Right now, all the ventures (Flux Chargers, Flux LA and Flux Capital) under Flux Ventures are tightly connected. Any new technology we develop, the marketing techniques and funnels that we create with Flux LA, we quickly implement with Flux Chargers. Any revenue we make with Flux Chargers we put it back towards our VC fund. Anyone that I get a chance to interview on my blog Future Sharks, I use as a network resource. Although people think that we might be spreading ourselves too thin, I actually think that our efforts in every company are complementary and have been key in our rapid success.
In the future, we plan to launch other companies such as a vegan protein bar, and a restaurant run exclusively by robots.
How has your mindset changed towards business management as you have reached greater success and have interacted with more companies?
At the start I was micromanaging a lot just because I was inexperienced and also wanted a lot of control. But now, things have a greater magnitude. I can’t look over everything. I have learnt to trust people more and be more hands off being certain that other people are doing the right thing. That’s helped me a lot and freed up my time.
You’ve previously shared a vague goal to be 2050 President of Bolivia. How is what you have seen and learnt in the US and from growing your own company going to help you achieve this?
I want to develop myself first as an entrepreneur in not only my social skills but develop my reputation and build a good image for myself. This will help me develop a relationship with people knowledgeable in politics, in education, in technology. Once I run for President, I want to reach back to those people to get advised on policy creation and law making so that I can become a better politician.
What I see that Bolivia is currently lacking, in my opinion, are highly-skilled professionals (i.e. computer scientist, researchers, etc). A lot of qualified people have to leave the country because opportunities are not there for them. A lot of talent is leaving my country. What I would like to do in the future is develop this industry such that the brains of my country stay there.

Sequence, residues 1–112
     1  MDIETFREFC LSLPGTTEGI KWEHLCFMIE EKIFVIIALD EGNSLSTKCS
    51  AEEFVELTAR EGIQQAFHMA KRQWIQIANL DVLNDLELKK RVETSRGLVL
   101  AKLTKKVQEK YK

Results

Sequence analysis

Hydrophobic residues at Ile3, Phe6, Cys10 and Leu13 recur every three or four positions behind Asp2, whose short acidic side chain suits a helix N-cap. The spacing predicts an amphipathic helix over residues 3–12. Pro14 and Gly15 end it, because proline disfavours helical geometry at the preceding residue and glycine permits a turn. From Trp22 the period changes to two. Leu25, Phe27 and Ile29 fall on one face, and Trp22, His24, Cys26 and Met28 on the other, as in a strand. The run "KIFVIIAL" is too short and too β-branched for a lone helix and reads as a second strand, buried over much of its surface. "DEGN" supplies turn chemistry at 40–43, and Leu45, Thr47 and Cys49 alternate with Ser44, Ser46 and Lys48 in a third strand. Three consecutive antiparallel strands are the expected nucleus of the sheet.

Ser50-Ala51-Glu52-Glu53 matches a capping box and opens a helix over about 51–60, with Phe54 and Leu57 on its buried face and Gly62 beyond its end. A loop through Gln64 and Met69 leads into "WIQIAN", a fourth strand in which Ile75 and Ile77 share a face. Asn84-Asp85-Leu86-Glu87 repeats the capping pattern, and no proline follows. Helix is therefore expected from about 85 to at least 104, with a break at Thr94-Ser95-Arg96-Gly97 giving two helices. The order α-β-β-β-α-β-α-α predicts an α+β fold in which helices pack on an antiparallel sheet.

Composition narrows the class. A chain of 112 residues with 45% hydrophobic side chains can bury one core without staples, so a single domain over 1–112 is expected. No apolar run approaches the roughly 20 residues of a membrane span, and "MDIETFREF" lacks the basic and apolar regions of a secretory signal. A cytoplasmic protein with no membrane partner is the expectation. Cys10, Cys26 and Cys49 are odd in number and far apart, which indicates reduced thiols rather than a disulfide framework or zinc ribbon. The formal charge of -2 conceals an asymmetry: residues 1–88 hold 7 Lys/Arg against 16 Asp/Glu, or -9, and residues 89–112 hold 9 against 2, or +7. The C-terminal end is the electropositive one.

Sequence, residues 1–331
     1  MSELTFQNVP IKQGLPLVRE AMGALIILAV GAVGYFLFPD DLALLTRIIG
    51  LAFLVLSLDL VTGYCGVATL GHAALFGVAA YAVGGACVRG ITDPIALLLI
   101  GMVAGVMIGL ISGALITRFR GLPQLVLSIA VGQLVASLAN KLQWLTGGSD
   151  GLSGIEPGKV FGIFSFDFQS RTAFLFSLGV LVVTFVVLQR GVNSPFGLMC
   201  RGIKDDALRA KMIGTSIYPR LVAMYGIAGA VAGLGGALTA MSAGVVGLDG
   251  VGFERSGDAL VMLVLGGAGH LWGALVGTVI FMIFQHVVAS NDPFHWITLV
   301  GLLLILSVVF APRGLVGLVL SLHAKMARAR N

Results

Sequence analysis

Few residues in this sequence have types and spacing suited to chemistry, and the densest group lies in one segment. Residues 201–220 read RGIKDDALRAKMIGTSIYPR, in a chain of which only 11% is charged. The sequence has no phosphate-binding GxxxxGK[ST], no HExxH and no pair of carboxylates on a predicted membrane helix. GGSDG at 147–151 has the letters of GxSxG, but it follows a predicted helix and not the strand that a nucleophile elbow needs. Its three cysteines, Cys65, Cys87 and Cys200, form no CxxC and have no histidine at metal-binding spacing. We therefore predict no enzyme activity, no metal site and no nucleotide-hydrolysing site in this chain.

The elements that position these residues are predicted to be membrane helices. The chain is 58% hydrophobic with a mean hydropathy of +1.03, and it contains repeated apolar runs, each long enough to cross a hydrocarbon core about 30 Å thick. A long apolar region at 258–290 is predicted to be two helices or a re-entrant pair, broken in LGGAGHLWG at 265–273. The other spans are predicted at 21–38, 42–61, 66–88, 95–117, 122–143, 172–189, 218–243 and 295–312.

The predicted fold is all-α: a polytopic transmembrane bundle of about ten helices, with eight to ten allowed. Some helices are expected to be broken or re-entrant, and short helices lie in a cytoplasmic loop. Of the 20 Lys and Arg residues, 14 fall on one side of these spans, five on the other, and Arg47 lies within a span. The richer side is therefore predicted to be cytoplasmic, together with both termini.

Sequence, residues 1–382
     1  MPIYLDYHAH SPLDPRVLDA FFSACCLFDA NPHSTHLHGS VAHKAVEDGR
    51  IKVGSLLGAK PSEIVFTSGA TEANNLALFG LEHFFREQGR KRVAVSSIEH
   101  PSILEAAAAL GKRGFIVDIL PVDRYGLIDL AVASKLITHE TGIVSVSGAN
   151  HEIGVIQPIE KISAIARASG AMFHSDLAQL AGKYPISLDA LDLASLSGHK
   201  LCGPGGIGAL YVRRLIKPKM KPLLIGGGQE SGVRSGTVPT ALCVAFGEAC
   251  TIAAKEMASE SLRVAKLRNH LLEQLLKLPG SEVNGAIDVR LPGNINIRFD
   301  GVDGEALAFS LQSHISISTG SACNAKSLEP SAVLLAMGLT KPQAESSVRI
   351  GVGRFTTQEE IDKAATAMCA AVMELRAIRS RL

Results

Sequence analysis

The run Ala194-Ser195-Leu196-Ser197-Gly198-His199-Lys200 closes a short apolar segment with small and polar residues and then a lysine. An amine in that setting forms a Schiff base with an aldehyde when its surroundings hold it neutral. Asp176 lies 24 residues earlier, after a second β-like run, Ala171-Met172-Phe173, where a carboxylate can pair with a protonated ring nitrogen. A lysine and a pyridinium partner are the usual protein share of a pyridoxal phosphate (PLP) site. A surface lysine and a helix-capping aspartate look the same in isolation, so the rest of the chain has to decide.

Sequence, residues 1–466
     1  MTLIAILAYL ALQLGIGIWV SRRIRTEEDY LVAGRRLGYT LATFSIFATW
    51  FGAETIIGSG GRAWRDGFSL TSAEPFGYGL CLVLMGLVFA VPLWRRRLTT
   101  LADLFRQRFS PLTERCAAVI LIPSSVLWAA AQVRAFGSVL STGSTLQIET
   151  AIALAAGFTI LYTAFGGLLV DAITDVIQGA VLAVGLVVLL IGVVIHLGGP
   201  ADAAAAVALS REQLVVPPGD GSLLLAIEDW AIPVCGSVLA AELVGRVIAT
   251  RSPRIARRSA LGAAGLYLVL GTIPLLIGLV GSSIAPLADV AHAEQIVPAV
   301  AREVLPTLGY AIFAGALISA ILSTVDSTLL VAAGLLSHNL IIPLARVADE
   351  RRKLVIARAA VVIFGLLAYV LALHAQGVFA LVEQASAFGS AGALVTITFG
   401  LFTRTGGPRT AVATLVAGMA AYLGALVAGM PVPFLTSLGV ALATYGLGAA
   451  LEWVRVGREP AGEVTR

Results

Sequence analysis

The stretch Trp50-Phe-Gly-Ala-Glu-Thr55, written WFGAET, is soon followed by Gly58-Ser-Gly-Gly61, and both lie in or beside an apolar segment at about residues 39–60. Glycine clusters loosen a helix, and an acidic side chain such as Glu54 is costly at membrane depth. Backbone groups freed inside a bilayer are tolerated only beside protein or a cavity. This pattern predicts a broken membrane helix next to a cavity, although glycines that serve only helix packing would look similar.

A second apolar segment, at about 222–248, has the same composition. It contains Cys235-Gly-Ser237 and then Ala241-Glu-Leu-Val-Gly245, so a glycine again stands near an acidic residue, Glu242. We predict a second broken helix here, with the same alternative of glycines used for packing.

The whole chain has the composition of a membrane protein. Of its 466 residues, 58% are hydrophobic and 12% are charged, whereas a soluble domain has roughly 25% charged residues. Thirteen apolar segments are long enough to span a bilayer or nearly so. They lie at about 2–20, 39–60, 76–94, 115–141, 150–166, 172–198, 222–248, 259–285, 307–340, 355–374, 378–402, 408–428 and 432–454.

Do you feel that you business success has lead you to be successful in life?
Oh definitely. For me growth is not just revenue-wise or not just business, but also as a person. Growth should be measured across all your areas in life.
Over the past few years, I’ve improved drastically. In terms of health, I’ve changed my diet, I have better social skills. I’m not afraid to talk to people and pitch in as well (even in the busy streets of Santa Monica!). I’ve experienced a lot of growth in different areas of my life, so it’s been a really good experience so far.
If you could go back to your high school graduating self, what advice would you give yourself?
Learn as much as you can. The number one thing that has perhaps transformed my business and my life was being able to learn a lot quicker. There’s a lot of information out there. Back when I was highschool I had a lot more limitations due to my lack of knowledge. “Oh I don’t really know this, let me sit on it for three months and still not learn it.”
Now, if I don’t know something I quickly google it and try to learn it. So I make the learning cycle shorter and I actually learn more.